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  • Writer's pictureJonathan Balmer

Joy in the God of Peace

This is a sermon preview for Sunday, May 21. It is the 6th week of the Eastertide sermon series “Easter Joy: A Walk Through Philippians.”

"Rejoice in the Lord always, and again I say rejoice.”

"...It is genuinely odd, even bizarre, for a man in prison to urge others to 'celebrate.' But again in Philippians, he repeats this order. Celebrate! Throw a party!.. God's people in Christ are meant to celebrate because the gospel is still spreading the good news and power and joy and hope to people far and wide, and it still brings good things to the imprisoned (Paul) and the persecuted (the Philippians).” - Nijay Gupta

Have you ever met someone too aggressively happy? They spin everything, performing Olympic-level gymnastics to find the best way to spin every negative experience. They seem incapable of recognizing that hurt can be real, that a circumstance in life could be truly bad. In cartoons, they might smile and say, “It’s not so bad! It could be worse. It COULD be raining!” We know what immediately happens then. It rains.

To use some examples from children’s literature, I’m not trying to be a sad Eeyore the donkey from the Thousand Acre Woods moping about. But I think for many of us, a call to rejoice always might be seen as “Pollyanna-ish.” Pollyanna was the main character of a 1913 children’s story. Now, her name is synonymous with what Merriam-Webster calls: “a person characterized by irrepressible optimism and a tendency to find good in everything.” Relentlessly. Annoyingly. Chipper.

But Paul is anything but! He knows his situation brings real trouble. But if he is naturally realistic about his situation, he is supernaturally hopeful about the peace we have in God.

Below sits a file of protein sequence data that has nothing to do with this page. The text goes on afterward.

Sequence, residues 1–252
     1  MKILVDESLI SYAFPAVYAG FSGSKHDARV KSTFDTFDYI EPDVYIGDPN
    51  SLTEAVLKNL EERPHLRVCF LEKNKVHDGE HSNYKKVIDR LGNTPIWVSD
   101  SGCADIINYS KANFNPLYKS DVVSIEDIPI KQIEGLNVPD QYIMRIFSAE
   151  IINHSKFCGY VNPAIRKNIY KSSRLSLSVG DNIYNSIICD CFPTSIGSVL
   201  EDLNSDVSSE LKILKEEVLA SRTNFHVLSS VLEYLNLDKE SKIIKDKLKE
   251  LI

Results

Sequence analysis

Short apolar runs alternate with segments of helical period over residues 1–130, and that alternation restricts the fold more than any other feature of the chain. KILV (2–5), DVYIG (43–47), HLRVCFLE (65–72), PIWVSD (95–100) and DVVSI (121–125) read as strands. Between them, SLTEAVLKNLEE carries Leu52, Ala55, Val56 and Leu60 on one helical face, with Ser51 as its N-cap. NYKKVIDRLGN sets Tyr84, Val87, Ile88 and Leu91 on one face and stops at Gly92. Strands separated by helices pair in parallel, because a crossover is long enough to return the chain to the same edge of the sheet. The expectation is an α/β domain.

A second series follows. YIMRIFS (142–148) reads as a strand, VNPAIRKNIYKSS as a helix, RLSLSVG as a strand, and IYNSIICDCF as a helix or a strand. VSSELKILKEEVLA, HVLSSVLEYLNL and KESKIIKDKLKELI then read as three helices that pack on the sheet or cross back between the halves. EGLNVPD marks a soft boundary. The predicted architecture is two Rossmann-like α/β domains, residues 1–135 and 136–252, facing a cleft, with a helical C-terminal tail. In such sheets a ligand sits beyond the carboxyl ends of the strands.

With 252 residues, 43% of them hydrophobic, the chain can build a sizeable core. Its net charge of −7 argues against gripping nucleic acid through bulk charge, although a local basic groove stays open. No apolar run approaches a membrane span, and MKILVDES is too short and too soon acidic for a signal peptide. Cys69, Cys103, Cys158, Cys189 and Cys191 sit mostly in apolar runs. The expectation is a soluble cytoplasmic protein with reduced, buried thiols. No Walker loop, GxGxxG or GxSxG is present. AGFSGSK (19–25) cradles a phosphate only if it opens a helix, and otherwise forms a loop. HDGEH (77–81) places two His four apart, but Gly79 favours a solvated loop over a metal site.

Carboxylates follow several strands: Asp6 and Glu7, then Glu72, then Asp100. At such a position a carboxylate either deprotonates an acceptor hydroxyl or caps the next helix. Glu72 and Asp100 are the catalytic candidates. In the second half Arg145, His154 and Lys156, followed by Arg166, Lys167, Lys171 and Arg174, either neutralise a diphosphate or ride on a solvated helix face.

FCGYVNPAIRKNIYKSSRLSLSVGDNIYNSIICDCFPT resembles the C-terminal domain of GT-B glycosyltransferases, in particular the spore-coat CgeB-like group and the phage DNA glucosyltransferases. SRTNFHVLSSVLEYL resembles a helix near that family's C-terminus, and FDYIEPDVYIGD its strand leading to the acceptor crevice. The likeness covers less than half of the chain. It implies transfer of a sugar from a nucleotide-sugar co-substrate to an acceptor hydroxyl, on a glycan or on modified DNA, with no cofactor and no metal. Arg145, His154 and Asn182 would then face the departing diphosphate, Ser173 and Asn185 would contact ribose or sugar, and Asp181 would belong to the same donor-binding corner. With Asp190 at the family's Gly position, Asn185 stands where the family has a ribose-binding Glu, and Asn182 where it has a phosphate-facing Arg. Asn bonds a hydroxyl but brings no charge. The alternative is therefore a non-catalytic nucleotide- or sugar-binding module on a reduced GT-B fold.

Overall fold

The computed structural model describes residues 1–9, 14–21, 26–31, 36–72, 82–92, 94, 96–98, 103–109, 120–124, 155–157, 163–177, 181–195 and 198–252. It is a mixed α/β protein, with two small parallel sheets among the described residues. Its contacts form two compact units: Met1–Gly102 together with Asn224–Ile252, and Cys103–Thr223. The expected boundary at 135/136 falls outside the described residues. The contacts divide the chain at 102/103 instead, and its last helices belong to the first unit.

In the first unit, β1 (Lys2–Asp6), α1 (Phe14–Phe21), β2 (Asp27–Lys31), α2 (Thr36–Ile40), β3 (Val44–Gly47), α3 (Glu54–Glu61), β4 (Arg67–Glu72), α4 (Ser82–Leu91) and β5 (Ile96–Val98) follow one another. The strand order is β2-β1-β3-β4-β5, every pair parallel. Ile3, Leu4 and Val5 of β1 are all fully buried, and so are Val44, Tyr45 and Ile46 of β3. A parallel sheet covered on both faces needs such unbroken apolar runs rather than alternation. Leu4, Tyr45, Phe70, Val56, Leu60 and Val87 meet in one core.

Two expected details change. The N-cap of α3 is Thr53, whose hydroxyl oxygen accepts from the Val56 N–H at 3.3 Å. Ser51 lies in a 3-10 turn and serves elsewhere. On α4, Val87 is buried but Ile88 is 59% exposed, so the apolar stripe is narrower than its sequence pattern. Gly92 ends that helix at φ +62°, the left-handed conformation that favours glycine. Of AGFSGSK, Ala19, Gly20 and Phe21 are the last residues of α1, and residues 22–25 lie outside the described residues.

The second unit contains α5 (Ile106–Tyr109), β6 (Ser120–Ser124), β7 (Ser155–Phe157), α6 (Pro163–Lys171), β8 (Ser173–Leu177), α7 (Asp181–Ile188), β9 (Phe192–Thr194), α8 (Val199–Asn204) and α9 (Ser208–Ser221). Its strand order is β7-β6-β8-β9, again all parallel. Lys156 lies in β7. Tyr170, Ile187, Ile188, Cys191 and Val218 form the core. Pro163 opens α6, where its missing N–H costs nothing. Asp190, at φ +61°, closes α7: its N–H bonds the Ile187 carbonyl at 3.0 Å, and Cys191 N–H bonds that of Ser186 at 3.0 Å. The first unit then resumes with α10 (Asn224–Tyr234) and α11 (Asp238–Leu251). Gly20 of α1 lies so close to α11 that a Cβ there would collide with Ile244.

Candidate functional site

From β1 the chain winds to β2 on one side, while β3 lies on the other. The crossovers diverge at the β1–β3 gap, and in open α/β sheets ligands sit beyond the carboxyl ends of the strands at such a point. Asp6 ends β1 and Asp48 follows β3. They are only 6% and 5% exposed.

Too often our culture confuses “realism” for “nihilism.” Being hopeless is not any more realistic than denying the bad around us.

The reason nihilism is not more realistic is that the God of hope is the source of all: and therefore his hope is the realest reality we could ever encounter.

God's peace comes when we focus on what is true, noble, just, perfect, excellent, and spectacular in the Gospel. It comes in knowing that the good news is still at work and still being spread. The Gospel is news that we hear that is truly Good. It's also a life we live in, we inhabit, and a new lens through which we see the world.

So how can we be “anxious for nothing” (Philippians 4:6), in a life full of difficulty?

Anxieties will come. They certainly did for Paul. In fact, in this same letter, Paul uses the very same word translated as “anxious” here is used when Paul talks about sending Timothy to the Philippians, adding “who will show genuine concern [the same word as “anxious!” in 4:6] for your welfare.”

But our concern for ourselves, or even others, need not consume us. It doesn’t need to take away our joy. It will always be the middle of the sentence, not the end. There is always a comma or a semicolon right after anxieties. There is a “And yet God…” to come after them all. And in that way, we can be free from their constant presence. Their overwhelming power. Their oppressive weight.

We can be gentle in a violent world because the God of peace is near (Philippians 4:5).

We can give thanks and ask God for anything because it’s God’s good pleasure to listen to his children (Philippians 4:6, Luke 12:32).

The pageantry of God’s grace, the great drama of salvation, has wrapped us up in its glory and splendor and given us a gift that can’t be taken away. It’s God’s peace which surpasses understanding which guards us (Philippians 4:7)

And so we put to practice Christian joy by dwelling on the good things of God. We recognize the difficulty of all circumstances. We live in the promise of the reality of God’s goodness. And that means the final word could only be “Amen.”

“And the God of peace will be with you…” (Philippians 4:9)


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